“I will harden his heart.” This is an example of a widely-recognized Semitic idiom often referred to as “the idiom of permission.” In the Semitic languages, an active verb can be used in a permissive sense. In other words, if anything God has done has contributed to Pharaoh’s hard heart, then God can be said to have hardened Pharaoh’s heart even though it was Pharaoh who hardened his own heart.
In the case of Pharaoh in Exodus, God asked Pharaoh to let the Israelites go. At that point, Pharaoh could have said, “Okay,” and let them go, and he and Egypt would have been unhurt, and even blessed for obeying God. But God’s demand forced Pharaoh to make a choice: he could either let God’s people go, or he could harden his heart and say, “No,” which is what he did. As Pharaoh continued to say “No,” time after time, God put more and more pressure on him in the form of plagues that affected the land and people of Egypt. As the intensity of the plagues increased and there was more and more damage to Egypt and the Egyptians, Pharaoh’s heart had to become harder and harder in order for him to keep saying “No” to God’s request to release the Israelites. But God was not the problem; Pharaoh was the problem. However, because God was the one making the request and putting the pressure on Pharaoh, the Semitic idiom of permission words the phrase that “God hardened Pharaoh’s heart.” It simply means that God acted in such a way that Pharaoh had to harden his heart to resist God. God did not harden Pharaoh’s heart, Pharaoh hardened his own heart because he did not want to obey God’s request.
We use the same kind of idiom in English. If a person does something that upsets us, we might say to them, “You made me mad.” But the person did not actually “make” us mad; anger was our personal response to what the person did to us. Someone else may have the same thing happen to them as happened to us but not get angry at all. So, when we say, “You made me mad,” we are using an idiom that expresses that anger was our response to what someone else did. A trained psychologist would not say, “You made me mad,” they would say, “I responded with anger when you did what you did.”
It was due to his understanding of the Semitic idiom of permission that Joseph Rotherham, in his Emphasized Bible, translated Exodus 4:21 as, “I will let his heart wax bold,” rather than “I will harden his heart.” The literal truth of what was going on with Pharaoh is stated in Exodus 9:34, that he hardened his own heart. God is love. He does not do evil. But because He created people with free will, and because He set laws and norms in place that require people to live righteous lives, when people do evil it is often, via the Semitic idiom of permission, spoken of as if God was the one who did the evil.
In the account of Israel’s exodus from Egypt, the Hebrew text uses three different words to express the hardening of Pharaoh’s heart. It uses chazaq (#02388 חָזַק) which most often means “to strengthen or make strong,” but can mean things such as “firm, courageous, hard.” It uses kabad (#03513 כָּבַד), which refers to being heavy or weighty in either a good or bad sense, and thus can mean “heavy, hard, grievous, burdensome, insensitive, stubborn, unyielding, unresponsive, dull, rich, honorable, glorious.” Also, it uses qashah (#07185 קָשָׁה) which means to be hard, difficult, severe, fierce, harsh, stiff (used in “stiff-necked”), stubborn, obstinate.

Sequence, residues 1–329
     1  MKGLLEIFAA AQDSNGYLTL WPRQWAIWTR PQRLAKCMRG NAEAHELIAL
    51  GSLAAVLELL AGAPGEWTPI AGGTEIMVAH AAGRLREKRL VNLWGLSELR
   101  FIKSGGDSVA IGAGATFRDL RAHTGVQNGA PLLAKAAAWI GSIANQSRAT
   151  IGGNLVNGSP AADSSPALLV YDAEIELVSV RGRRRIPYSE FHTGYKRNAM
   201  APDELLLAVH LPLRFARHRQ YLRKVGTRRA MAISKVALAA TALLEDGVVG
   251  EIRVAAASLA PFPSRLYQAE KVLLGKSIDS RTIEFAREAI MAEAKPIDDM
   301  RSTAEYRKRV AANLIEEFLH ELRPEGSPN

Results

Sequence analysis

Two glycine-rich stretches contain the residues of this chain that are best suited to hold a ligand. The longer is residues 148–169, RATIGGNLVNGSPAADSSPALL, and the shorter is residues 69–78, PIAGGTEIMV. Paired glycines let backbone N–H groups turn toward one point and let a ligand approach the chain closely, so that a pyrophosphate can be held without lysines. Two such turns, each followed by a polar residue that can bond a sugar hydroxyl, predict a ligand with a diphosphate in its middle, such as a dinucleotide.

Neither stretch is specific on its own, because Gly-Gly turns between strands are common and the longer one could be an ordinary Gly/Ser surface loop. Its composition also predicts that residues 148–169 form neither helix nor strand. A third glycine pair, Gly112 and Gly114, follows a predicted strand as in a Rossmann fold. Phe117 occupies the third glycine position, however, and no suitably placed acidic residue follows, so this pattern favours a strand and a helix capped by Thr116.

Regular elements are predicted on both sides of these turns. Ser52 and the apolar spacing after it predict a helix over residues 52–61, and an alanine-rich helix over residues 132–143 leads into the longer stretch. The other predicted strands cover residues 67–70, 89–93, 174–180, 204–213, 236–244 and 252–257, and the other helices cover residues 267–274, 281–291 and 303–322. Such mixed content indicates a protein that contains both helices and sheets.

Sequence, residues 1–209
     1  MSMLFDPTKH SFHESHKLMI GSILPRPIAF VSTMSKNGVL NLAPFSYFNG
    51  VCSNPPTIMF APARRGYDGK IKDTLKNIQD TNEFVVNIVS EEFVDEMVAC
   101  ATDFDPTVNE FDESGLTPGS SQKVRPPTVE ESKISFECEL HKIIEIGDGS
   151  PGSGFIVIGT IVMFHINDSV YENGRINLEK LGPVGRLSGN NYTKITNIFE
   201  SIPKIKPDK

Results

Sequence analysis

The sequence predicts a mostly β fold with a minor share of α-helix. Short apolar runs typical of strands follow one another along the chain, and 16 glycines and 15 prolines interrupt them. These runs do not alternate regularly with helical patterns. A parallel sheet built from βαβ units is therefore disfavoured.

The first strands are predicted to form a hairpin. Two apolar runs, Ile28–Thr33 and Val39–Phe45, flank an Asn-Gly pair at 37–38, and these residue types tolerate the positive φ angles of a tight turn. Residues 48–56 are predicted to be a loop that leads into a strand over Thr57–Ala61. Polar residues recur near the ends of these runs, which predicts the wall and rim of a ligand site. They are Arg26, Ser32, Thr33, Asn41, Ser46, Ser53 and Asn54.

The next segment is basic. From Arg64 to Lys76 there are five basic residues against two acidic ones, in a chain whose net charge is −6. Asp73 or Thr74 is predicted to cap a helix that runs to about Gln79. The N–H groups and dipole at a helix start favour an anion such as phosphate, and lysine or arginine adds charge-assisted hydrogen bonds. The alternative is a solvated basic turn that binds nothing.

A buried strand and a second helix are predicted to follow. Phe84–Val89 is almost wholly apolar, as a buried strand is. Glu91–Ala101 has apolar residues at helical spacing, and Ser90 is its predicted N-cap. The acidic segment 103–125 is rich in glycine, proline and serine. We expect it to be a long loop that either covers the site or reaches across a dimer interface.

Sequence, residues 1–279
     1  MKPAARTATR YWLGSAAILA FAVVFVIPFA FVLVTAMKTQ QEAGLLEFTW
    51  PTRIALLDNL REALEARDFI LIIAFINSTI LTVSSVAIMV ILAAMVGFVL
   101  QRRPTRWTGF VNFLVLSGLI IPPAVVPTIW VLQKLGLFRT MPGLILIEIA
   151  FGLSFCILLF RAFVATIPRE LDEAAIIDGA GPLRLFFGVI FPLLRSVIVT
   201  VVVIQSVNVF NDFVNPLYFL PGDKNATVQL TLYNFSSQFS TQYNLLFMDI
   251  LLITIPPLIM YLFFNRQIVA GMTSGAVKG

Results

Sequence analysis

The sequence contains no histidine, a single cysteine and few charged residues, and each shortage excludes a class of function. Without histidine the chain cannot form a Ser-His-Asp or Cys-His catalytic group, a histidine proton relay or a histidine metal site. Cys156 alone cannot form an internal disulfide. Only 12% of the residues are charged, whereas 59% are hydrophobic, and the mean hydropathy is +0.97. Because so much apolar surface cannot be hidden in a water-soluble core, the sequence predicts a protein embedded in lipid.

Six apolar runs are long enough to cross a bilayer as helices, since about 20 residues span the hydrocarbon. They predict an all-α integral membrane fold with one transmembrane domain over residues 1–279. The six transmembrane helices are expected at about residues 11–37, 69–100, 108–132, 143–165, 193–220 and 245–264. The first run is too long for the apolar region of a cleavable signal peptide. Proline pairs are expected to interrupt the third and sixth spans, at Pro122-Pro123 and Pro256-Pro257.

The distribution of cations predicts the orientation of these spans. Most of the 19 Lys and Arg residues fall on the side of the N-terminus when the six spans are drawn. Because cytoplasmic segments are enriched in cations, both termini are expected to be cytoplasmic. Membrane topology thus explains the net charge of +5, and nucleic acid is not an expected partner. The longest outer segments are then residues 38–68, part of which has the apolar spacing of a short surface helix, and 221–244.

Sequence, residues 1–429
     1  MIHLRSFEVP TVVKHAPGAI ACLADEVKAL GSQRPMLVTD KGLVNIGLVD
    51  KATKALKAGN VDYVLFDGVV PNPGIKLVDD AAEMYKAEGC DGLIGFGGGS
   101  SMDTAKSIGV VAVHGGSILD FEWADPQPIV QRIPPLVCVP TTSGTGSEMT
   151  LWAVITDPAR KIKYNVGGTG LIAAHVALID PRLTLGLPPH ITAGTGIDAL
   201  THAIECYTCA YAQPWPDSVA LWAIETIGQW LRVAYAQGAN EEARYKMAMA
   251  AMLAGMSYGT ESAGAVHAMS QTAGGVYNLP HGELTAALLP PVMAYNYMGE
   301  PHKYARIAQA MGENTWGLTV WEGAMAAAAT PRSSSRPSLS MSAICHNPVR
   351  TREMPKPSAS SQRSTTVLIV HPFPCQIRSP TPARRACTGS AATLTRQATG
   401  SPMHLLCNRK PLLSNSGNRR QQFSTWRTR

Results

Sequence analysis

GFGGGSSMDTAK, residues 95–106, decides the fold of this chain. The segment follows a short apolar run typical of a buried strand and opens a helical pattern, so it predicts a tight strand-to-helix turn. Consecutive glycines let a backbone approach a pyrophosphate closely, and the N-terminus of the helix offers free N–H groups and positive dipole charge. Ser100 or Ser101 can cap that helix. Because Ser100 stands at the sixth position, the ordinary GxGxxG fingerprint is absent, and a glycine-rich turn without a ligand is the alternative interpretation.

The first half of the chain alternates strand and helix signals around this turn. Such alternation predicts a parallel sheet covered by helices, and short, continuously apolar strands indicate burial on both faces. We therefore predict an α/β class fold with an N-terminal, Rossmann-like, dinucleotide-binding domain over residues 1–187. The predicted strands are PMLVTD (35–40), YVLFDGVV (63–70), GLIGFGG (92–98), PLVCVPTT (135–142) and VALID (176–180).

The pattern in Exodus is as follows: God is said to harden Pharaoh’s heart ten times:
Pharaoh is said to harden his own heart, or his heart is said to be hard, ten times:
The three different words reflect some differences in what was happening in Pharaoh’s heart, sometimes simply letting the reader know that it was hard, sometimes emphasizing that it was stubborn or unresponsive to what was happening in Egypt.
There is another reason that we should be able to comprehend that God was not making Pharaoh’s heart hard so that he would disobey God. We are all like Pharaoh to a degree, because we all have some pride, some stubbornness, and some resistance to doing the whole will of God, and thus all of us disobey God from time to time. Sometimes our disobedience is out of stubbornness or just being insensitive and unresponsive to God’s desires, and in those times it is not God “making” us disobey, it is our weak and sinful human nature, likely intermixed with a lack of focus on God and too much focus on what we ourselves want, that causes us to disobey.
God is love, and He loved the Egyptians just as much as He loved Israel. He did not want to hurt Egypt, but neither was He going to stand by while the Egyptians hurt His people and defied His will. But God did not take away Pharaoh’s free will and harden his heart; He gave Pharaoh choices. Pharaoh decided to harden his heart and defy God, but that was Pharaoh’s own doing.
[For more on the idiom of permission, see commentary on Romans 9:18.]
God’s nature is consistent from Genesis 1:1 to Revelation 22:21. Though there are difficult verses that can create confusion, understanding the languages of the Bible helps clarify these. An example is the hardening of Pharaoh’s heart in Exodus. This teaching explains the Hebrew idiom embedded in that record.
Verses: Exod. 4:21; Ezek. 20:25; 1 John 5:19
Teacher: John Schoenheit